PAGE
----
Chapter

Professional Integrity

Richard Abel

in Law and Anthropology

Published in print November 2009 | ISBN: 9780199580910
Published online February 2010 | e-ISBN: 9780191723025 | DOI: http://dx.doi.org/10.1093/acprof:oso/9780199580910.003.0017

Series: Current Legal Issues

 Professional Integrity

Show Summary Details

Preview

Many professions displayed indifference to or complicity with the Bush administration's abuses. Many of the few professionals who resisted did so individually or in marginalized groups, moved by political commitments or ethical beliefs acquired outside the profession. Most government officials — especially those in the military — voiced objections only after retiring. Yet in light of the passivity of the rest of civil society — political parties (i.e. Democrats), trade unions, organized religion, voluntary associations, identity groupings, students and youth, and mass movements — the principled actions of a few professions or professionals acquire greater significance. This chapter describes some of their actions in order to draw tentative lessons about the potential of professional integrity. It focuses on four classic professions: divinity, medicine, law, and the military.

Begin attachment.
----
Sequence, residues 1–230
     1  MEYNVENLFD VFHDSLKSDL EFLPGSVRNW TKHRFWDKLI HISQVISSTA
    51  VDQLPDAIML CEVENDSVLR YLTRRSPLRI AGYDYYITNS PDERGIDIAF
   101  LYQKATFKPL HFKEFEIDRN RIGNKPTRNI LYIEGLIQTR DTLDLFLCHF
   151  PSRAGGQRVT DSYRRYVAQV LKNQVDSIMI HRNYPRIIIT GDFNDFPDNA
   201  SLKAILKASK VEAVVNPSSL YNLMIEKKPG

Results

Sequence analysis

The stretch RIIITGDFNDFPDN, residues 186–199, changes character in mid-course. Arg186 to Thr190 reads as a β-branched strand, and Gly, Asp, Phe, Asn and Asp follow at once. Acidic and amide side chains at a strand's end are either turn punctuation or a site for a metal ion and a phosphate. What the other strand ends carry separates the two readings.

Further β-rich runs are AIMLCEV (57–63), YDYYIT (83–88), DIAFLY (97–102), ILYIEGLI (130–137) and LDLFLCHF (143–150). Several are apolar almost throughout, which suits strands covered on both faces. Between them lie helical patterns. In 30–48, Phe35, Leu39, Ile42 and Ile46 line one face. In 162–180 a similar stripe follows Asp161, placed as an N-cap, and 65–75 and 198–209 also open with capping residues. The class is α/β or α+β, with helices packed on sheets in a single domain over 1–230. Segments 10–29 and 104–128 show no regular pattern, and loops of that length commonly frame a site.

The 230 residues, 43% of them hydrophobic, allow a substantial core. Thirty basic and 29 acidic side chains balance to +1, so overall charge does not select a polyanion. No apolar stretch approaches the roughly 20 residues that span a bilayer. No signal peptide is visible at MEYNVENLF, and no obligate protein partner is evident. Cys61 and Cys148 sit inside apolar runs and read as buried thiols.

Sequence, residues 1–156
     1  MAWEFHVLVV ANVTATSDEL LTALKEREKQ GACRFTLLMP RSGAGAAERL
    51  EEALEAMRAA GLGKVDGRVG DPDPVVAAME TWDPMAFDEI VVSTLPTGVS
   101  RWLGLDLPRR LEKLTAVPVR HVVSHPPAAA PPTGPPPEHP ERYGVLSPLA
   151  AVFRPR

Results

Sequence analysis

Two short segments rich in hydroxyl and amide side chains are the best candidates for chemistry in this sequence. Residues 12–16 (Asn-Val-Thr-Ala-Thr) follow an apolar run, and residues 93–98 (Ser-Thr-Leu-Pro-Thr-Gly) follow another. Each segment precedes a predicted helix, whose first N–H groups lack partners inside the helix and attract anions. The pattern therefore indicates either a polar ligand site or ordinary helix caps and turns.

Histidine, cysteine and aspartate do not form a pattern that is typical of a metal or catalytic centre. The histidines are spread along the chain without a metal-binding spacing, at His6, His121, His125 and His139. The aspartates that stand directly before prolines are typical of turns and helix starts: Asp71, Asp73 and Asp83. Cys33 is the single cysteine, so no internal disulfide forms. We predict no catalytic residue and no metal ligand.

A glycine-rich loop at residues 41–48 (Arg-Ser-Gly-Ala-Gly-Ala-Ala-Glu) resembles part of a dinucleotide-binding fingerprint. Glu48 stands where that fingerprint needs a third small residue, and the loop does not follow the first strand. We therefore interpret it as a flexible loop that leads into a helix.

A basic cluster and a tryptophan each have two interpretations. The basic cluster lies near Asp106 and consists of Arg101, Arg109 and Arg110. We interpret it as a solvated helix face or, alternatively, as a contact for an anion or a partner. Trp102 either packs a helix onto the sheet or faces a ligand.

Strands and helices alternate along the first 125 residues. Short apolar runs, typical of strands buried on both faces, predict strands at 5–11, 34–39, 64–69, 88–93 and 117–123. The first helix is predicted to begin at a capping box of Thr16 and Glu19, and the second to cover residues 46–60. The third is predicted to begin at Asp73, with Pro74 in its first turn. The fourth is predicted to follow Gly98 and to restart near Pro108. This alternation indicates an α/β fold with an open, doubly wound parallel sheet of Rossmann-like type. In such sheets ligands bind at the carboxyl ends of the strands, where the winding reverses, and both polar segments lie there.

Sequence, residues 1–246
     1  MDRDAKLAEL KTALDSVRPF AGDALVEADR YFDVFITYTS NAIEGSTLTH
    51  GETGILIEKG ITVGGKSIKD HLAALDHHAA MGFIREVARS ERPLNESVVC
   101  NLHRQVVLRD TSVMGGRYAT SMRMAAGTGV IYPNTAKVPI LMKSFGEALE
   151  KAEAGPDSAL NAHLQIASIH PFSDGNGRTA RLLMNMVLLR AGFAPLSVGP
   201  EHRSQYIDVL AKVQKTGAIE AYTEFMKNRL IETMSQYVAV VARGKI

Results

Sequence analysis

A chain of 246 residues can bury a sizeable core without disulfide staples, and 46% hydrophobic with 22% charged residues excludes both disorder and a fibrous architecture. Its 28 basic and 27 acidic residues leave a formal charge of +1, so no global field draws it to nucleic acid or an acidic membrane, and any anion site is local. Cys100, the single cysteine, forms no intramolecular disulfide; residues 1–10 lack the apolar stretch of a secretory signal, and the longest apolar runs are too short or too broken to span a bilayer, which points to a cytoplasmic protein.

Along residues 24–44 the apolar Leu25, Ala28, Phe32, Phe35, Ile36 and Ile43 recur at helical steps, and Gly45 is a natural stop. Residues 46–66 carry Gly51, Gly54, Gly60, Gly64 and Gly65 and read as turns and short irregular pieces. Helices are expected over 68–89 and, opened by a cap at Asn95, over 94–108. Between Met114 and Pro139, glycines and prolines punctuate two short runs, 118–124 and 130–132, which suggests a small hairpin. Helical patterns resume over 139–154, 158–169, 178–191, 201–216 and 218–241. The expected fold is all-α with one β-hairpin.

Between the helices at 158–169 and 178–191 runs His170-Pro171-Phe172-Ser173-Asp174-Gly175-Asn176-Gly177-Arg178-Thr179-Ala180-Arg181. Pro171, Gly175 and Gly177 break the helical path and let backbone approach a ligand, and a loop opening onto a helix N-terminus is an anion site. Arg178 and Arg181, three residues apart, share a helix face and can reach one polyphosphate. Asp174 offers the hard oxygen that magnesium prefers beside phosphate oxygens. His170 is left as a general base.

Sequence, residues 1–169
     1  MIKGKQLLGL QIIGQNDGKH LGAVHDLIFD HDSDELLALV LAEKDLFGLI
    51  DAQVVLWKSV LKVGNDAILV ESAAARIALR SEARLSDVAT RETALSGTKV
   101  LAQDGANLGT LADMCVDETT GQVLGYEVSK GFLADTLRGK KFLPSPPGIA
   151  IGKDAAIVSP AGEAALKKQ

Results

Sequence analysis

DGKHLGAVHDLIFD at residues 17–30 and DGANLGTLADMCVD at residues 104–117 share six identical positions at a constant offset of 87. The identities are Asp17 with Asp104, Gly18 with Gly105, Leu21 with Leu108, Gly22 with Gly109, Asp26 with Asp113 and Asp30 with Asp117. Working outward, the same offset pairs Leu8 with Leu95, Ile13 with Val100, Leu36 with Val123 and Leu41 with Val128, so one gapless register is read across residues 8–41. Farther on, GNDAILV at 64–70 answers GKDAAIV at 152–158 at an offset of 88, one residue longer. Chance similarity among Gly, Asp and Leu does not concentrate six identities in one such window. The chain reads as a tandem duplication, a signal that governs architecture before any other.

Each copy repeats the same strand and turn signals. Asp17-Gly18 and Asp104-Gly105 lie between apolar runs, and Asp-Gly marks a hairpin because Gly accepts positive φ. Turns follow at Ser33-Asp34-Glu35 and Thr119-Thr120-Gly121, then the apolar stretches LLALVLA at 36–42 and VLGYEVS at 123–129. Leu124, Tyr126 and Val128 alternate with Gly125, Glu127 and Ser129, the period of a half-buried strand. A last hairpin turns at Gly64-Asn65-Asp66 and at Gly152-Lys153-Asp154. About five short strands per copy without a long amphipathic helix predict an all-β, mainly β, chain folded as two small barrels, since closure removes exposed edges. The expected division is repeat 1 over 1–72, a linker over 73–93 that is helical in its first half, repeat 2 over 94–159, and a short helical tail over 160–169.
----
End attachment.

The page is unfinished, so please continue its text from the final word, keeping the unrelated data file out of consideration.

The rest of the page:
Keywords: rule of law; professional integrity; professionals

Chapter.  16961 words. 

Subjects: Comparative Law

Full text: subscription required

How to subscribe Recommend to my Librarian

Buy this work at Oxford University Press »

Users without a subscription are not able to see the full content. Please, subscribe or login to access all content.